“Down,” his whole being cried out, and his muscles responded like a
spring. Almost before the boy could realize what he was doing, he had
thrown the front, horizontal rudder up. In another instant he knew he
was going to fly; the ground dropped beneath him, and then a tremendous
roar sounded in his ears. He gasped. But the sound was only the wild
cheers of the multitude beneath. He _was_ flying–the aeroplane
was soaring swiftly upward. It was like falling in a dream. With
nervous dread, the boy looked about. Then came his third shock–the
fair-grounds were already behind him. He had passed beyond the
territory in which he was to operate. He was at least three hundred
feet in the air.
Suddenly all fear, apprehension and nervousness left Bud.
“It’s all over now,” he said to himself. “These things don’t fall like
rocks. If the engine stops, I’ll come down like a parachute. Here goes
to do my stunt.”
A minute later, Bud was directing the aeroplane along the back stretch
of the race track about one hundred and fifty feet above the ground. It
all seemed so easy that he wondered why he had had any apprehension. In
the midst of a chorus of yells and hurrahs from the hundreds who were
vainly trying to keep pace with the aeroplane, Bud at last heard one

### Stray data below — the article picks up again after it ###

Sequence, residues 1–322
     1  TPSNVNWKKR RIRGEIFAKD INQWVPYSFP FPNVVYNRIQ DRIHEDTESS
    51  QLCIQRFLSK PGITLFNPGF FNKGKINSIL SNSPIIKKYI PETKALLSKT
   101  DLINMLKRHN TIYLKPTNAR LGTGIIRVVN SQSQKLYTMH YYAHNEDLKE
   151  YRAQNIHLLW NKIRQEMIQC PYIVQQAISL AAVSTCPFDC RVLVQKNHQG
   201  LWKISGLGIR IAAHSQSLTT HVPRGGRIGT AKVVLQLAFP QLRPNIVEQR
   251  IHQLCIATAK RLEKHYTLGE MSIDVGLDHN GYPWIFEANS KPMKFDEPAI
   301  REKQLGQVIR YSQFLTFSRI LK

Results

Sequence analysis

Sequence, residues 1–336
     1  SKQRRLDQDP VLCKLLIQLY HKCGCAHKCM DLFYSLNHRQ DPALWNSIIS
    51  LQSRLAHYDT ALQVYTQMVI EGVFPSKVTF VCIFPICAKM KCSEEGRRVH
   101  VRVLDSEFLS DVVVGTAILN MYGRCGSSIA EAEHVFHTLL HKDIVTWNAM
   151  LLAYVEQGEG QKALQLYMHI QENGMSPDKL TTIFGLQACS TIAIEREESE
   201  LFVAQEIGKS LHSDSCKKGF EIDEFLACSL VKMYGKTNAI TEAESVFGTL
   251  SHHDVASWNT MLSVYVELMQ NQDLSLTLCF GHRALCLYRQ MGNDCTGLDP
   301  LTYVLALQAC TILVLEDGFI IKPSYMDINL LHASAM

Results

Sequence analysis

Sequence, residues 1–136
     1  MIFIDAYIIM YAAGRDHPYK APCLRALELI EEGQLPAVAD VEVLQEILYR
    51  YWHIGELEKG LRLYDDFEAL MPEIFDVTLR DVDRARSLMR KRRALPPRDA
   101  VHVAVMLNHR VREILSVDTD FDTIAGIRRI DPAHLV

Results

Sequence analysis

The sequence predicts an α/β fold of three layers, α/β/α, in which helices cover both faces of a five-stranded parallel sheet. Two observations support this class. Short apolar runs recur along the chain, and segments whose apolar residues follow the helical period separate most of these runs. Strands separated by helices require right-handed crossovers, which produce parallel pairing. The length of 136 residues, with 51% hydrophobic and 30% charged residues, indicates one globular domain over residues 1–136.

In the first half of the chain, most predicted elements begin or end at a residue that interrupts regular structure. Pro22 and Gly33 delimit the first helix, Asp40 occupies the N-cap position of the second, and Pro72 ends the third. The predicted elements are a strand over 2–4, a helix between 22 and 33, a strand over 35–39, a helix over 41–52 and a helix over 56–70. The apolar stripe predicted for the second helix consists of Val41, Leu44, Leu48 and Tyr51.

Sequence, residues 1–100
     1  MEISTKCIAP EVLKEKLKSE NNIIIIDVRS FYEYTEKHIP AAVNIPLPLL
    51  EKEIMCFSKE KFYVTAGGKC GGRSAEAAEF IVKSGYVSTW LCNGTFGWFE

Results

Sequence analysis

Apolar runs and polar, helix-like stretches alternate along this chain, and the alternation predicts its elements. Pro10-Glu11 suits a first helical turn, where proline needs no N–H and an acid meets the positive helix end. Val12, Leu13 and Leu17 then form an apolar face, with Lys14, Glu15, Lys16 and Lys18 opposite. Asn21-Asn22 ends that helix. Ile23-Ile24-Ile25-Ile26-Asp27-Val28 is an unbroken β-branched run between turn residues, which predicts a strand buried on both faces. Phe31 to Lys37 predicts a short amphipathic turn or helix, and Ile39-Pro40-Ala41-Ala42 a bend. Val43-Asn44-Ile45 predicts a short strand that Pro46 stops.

positive voice:
“Get nearer the ground, you fool.”
The boy could not distinguish the man calling, but he recognized the
voice. It was that of the stranger–the expert, T. Glenn Dare. So far,
Bud had not time to think over the sudden appearance of the long waited
for man. But he smiled as the episode came back to him.
“That must have been the Gypsy Queen’s ring,” he thought to himself.
“Any way, I got my chance. I’m satisfied.”
Then he wondered: “What will Mr. Dare do when he makes a flight
to-morrow. I wonder if he’ll stay close to the ground. He’s only
jealous,” concluded Bud.
Prompted by that foolish idea and more than eager to take full
advantage of his opportunity, the gritty boy decided that he was not
satisfied–he determined, on a wild impulse, to test the airship to its
limit.
Circling the half-mile track, he dropped down nearer the ground as he
passed the crowded grand stand, but he was too intent on his work to
give any heed to the applause that greeted him. The dusty track was
packed with spectators throwing their hats into the air and shouting:
“Let her out,” “Gimme a ride,” “Good boy, Bud,” and such expressions
rang in his ears, but they did not draw even a smile.